A Close Brush with Finding a Reasonable Theist


My second most cherished stereotype is that there are no reasonable theists – anywhere – in the whole world. (First on my most cherished list concerns old men who wear dress hats.) I would wake up from nightmares panting and sweating, having dreamed I had accidentally found a reasonable theist after doing everything (closing my eyes and plugging my ears) to avoid them.

And then it happened. I heard a Methodist minister from Memphis named Maxie Dunham in the middle of a bunch of ads on the radio on a weekday. Then I heard him again a few days later. It was a simple 1 or 2 minute homily that really hit home, and he managed to do it without scraping us across the coals of Jesus Christ. He simply let it sink in. Each of his spots would end with “This is Maxie Dunham and these are my perceptions.” It was addicting.

He knew he had us; we were balls of putty in his hands. Then the inevitable happened. His ministry was rotated out of Memphis (as is the Methodist way) and we got a replacement whose diploma still had places where the ink hadn’t dried yet. The replacement tried to continue in Maxie’s tradition, but he couldn’t resist explaining what he meant, how it fit into the Bible, and what Jesus would do. It flopped.

In the meantime while we were suffering from withdrawal symptoms, Maxie had written a book (appropriately named Perceptions), and we got our fix. He wrote a follow-up companion book, and then – nothing. He had been booted up the line to become a bishop. He was lost in the hierarchy, and for years we heard nothing about him. It became a Where-is-he-now issue.

Then there was a news flash shortly into Bush II’s administration. He had become the president of Asbury Theological Seminary in Kentucky. I remember thinking to myself, “OMG, what if he’s turning out clones! There won’t be any hope for atheism to flourish in America.”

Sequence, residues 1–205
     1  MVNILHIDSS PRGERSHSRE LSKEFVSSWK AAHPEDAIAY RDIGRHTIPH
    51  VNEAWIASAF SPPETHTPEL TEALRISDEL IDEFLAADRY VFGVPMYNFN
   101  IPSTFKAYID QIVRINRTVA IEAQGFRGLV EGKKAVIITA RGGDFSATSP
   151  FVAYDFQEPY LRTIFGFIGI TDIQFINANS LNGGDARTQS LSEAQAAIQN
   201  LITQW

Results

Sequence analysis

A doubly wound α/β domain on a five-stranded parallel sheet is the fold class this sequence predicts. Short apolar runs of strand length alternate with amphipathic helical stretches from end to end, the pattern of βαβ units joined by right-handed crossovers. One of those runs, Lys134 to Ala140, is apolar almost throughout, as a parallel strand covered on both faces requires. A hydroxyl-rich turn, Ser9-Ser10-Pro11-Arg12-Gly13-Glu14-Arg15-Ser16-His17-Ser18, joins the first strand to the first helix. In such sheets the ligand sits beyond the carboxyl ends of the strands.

However, my prayers were answered, and the article was about his order to remove American flags from the cafeteria table to be replaced by more appropriate ways of commemoration. It had caused a ruckus, and shortly afterward he put the flags back, announcing the decision with a short statement liberally sprinkled with the editorial “we”. Of course, that didn’t go unnoticed either. Although this upset many people, I remained relatively neutral.

Nearly another decade went by without any mention of what was going on up in Kentucky. Then it hit. In reaction to a lesbian pastor, the United Methodist church voted to bring the Book of Discipline into a more modern setting to make it a “clear statement and a statement of compassion”. The book now reads The United Methodist Church does not condone the practice of homosexuality and considers this practice incompatible with Christian teaching.” The hemorrhage had been cauterised, and the lesbian will not be reappointed.

I haven’t forgotten Maxie Dunham. His press release was “It was a real victory for the church, because it leaves no room for confusion.” After all these years I can return to my comfortable complacency, knowing that my stereotype about a reasonable theist is safe after all.

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